After an eternity, they heard the sound of their father’s motorboat in the distance. Father had the boat, father knew where the rocks were, father had the strength and the equipment to help. And his father saved everyone.  

Some of you may be struggling with the fact that you saw someone in need, and you couldn’t help. You were too young, or you didn’t have the strength, or you didn’t have the wisdom. And every time you hear the story of the Good Samaritan, you are reminded of your “failure”, and the devil is tormenting you with that memory. 

God who sees all things, sees your heart. The Lord recognizes your desire to do good. He also knows that you didn’t have the strength, the wisdom and the resources to help.  

Let go of that toxic memory; leave it on the Cross.

// Prayer //

I command the accuser of the brethren to leave; you will no longer condemn those who couldn’t help because they were too young, they didn’t have the strength, the knowledge, the wisdom to help someone in need; Lord, will you remove the poison of those accusations, restore their soul and give them peace. Grant them insight and knowledge of Your true heart towards them. In Jesus’ Name, Amen.

Bloganuary Day 24

He resembled Leonardo da Vinci’s drawing of the ideal man, but transformed into a living, chalk white sculpture. I, wearing a dress, was trying hard to swing on a high trapeze. I looked years younger, and I was messing up the trapeze act, trying to get the twisting ropes to swing straight.

Da Vinci’s ideal man came up, tall and strong, and said bluntly, “That is not for you,” and led me away.

Next, I find myself alone in a room with an open door. I am standing barefoot in a scallop-shaped pool filled with fresh water and have a large conch seashell in my hand to use as a scoop.

And then I see a 30-ish man, smartly dressed in collared T-shirt and belted trousers in front of me. He was so eager to get into the pool that he hadn’t taken his shoes off. Looking at me with expectation, he was standing in the clear, clean water, both feet clad in a pair of brown suede boat shoes.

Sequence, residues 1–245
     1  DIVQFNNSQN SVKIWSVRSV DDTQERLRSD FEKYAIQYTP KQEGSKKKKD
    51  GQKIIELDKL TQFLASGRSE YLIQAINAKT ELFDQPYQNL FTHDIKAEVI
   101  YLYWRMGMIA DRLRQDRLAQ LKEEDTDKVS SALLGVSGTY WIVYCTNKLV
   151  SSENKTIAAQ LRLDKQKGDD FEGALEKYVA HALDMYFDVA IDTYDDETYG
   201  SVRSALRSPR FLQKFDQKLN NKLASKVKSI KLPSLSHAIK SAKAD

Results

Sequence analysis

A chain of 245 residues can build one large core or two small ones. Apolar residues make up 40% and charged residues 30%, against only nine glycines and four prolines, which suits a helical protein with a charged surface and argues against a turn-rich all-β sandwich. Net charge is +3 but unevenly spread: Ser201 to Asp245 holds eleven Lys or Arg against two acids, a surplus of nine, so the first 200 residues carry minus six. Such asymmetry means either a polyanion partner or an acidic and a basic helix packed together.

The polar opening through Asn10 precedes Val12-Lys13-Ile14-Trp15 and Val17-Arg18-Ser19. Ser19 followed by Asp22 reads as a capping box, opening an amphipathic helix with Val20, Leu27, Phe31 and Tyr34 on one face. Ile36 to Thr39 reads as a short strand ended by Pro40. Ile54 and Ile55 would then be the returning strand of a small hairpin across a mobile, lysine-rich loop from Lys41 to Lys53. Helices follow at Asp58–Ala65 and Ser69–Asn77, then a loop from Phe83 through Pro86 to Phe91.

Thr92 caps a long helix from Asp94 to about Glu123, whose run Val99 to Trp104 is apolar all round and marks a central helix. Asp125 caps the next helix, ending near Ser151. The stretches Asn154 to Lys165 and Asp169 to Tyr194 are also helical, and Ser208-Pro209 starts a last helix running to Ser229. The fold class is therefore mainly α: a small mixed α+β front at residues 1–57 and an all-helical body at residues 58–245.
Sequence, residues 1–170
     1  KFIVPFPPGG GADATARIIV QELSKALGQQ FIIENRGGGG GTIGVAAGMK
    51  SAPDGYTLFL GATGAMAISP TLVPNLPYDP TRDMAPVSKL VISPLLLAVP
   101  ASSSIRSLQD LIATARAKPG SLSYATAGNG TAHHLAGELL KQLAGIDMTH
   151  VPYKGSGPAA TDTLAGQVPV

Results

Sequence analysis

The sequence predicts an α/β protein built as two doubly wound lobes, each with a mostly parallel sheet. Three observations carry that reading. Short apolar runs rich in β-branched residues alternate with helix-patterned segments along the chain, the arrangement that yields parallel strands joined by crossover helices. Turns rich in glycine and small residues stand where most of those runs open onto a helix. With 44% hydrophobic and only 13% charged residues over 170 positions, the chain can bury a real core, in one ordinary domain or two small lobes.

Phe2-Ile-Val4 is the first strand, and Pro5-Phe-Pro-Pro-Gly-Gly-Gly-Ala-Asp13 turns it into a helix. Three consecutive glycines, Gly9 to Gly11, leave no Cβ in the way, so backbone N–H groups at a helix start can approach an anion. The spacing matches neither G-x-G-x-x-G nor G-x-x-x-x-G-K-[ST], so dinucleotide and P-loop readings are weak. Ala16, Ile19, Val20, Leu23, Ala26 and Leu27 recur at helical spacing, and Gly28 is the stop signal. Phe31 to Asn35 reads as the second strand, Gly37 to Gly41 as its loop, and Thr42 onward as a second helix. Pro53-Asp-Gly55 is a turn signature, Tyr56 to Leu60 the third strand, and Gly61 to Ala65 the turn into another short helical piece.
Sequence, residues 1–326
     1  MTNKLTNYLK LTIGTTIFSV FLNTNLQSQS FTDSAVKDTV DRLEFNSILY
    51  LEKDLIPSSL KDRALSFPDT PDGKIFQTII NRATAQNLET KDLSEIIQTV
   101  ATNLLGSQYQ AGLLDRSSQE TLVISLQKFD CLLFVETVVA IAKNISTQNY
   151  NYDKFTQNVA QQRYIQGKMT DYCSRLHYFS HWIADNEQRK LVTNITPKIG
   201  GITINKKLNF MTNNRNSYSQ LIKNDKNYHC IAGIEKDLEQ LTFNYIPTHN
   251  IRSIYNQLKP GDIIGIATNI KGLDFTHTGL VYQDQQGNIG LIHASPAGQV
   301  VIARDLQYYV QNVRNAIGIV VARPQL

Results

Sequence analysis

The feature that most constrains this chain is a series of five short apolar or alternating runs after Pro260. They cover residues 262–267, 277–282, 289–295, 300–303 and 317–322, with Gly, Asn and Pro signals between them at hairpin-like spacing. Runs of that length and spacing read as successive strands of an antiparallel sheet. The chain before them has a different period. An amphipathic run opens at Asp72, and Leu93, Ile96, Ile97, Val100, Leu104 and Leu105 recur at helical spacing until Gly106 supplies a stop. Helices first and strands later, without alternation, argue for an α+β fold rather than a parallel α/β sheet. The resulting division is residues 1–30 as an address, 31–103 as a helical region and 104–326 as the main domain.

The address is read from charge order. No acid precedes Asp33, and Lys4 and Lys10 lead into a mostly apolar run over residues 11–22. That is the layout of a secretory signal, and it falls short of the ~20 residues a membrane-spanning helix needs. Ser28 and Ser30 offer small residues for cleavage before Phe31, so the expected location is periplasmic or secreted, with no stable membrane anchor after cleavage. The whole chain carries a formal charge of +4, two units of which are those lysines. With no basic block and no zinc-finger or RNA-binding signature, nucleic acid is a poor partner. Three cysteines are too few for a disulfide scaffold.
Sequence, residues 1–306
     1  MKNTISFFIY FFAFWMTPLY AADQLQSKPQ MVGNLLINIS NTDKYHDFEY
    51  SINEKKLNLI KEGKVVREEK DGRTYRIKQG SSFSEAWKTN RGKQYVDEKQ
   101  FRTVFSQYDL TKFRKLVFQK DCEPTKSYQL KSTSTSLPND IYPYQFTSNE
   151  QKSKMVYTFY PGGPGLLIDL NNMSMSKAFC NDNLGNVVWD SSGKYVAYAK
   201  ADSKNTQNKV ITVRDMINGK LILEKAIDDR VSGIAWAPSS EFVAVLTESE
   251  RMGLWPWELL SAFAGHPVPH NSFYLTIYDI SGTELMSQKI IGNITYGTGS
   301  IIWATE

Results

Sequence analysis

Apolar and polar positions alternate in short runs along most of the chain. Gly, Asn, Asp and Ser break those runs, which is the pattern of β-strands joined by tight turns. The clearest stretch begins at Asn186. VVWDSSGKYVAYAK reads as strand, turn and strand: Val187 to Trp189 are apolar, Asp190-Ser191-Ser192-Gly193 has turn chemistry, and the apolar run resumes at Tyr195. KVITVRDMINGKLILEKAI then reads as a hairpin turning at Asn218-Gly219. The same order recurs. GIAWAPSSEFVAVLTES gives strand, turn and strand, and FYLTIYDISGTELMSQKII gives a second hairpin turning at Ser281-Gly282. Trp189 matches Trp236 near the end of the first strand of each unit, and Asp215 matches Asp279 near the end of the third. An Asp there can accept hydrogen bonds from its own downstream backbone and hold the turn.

Then the dream ended, and I woke up with a “Hmmm?” in my mind.

This was in the late 80s.

Thirty years later, I am helping people get clean.

10 Jesus answered, “Those who have had a bath need only to wash their feet; their whole body is clean. And you are clean, though not every one of you.” 11 For he knew who was going to betray him, and that was why he said not every one was clean.

1When he had finished washing their feet, he put on his clothes and returned to his place. “Do you understand what I have done for you?” he asked them. 13 “You call me ‘Teacher’ and ‘Lord,’ and rightly so, for that is what I am. 14 Now that I, your Lord and Teacher, have washed your feet, you also should wash one another’s feet. 15 I have set you an example that you should do as I have done for you. 16 Very truly I tell you, no servant is greater than his master, nor is a messenger greater than the one who sent him. 17 Now that you know these things, you will be blessed if you do them.

John 13:10-17

Bloganuary Day 22

It seems easier to trust Google more than we trust God. Google has all the answers. Type in anything and the answers, true or false, will come up in a millisecond.

Trusting God is a more… esoteric experience. But He challenges us to do exactly that:

It’s a heart matter, a love matter actually; people in love may act in quite irrational ways — at least that’s how pragmatic people will view it.

In my culture, we’re urged to get the 5Cs — cash, credit card, car, condominium, and membership in a country club. That’s a sign of having “arrived”.

In contrast, God tells us to be counter-culture — give up everything, including all the signs of having “arrived”, and follow Him. That is not comfortable. Not at all.

There’s even more. He says: